Mayor Anderson leads fight against global warming

By By Rochelle McConkie

By Rochelle McConkie

Salt Lake City has gone green to combat global warming.

Mayor Rocky Anderson addressed the issue and the steps Salt Lake City is taking to protect and preserve the environment at an Oct. 18 lecture held at the Utah Museum of Fine Arts and sponsored by the honors program.

Through the program Salt Lake City Green, which was organized in 2001, Anderson encourages residents to make daily life changes through conservation, energy efficiency and the utilization of clean and renewable sources of fuel and energy.

In this program, Anderson said, “We are working with dog waste, nuclear waste and everything in between.”

Since 2001, 21 billion tons of carbon dioxide have been added to the earth’s atmosphere, causing greenhouse gases to accumulate in the ozone layer and produce global warming.

Currently, Antarctic ice caps are melting, sea level has risen an average of four to eight inches and there have been dramatic increases in hurricanes, droughts, floods, mosquitoes, heat-related deaths and starvation.

Although the United States has not joined the international Kyoto Accords agreeing to fight the effects of global warming, Salt Lake City has set its own Kyoto goals aimed at reducing emissions. Already, in 2005, the city met its 2012 goal for emissions reductions.

Anderson said he is confident that Salt Lake City can make a difference in this international effort. “We have the means to combat global warming. Every city, county, state, business and individual can help,” he said.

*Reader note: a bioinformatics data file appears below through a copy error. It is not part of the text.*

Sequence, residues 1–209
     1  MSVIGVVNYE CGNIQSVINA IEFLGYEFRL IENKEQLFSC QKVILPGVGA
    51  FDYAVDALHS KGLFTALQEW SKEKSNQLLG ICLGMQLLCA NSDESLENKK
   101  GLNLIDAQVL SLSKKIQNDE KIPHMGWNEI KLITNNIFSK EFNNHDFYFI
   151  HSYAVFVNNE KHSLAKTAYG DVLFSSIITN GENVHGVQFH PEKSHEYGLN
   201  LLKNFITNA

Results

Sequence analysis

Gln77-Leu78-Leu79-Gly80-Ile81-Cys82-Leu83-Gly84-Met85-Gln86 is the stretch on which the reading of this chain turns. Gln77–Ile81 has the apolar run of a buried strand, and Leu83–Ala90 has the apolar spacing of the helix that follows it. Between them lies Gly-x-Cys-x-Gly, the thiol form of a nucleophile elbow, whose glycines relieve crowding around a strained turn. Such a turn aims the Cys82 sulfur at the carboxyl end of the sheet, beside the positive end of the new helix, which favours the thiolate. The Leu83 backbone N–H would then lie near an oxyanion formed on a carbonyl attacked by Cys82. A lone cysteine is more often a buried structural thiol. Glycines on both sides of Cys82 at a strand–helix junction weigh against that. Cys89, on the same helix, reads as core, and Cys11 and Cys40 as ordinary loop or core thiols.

The city government is taking measures to reduce emissions and energy use by encouraging open space, greater use of public transportation, changing light bulbs to fluorescent lighting and using energy-efficient cars.

Recently, a city ordinance has been instated making all energy-efficient cars exempt from parking-meter charges. Anderson said he hopes the U will do the same.

Anderson has ordered that all future city-owned buildings be environmentally friendly. He looks to expand the light-rail, encourage recycling and encourage biking and walking.

Anderson has also worked with U students to increase tuition $1 to contribute to environmental causes.

At the U, some steps are being taken to protect the environment. Jessica Batty, a freshman in architecture, said there are recycling bins at her house in Officer’s Circle that are left on the porch and picked up in the morning.

Sophomore architecture major Mike Klekas said there is still much room for improvement. “I do like Rocky’s idea about free parking at the U for energy-efficient cars. We also need to stop heating buildings to ridiculously uncomfortable temperatures in the winter and ridiculously low temperatures in the summer,” he said.

Lennie Mahler

Salt Lake City mayor Rocky Anderson shares his views on global warming with a PowerPoint presentation at the Utah Museum of Fine Arts Auditorium on Wednesday evening.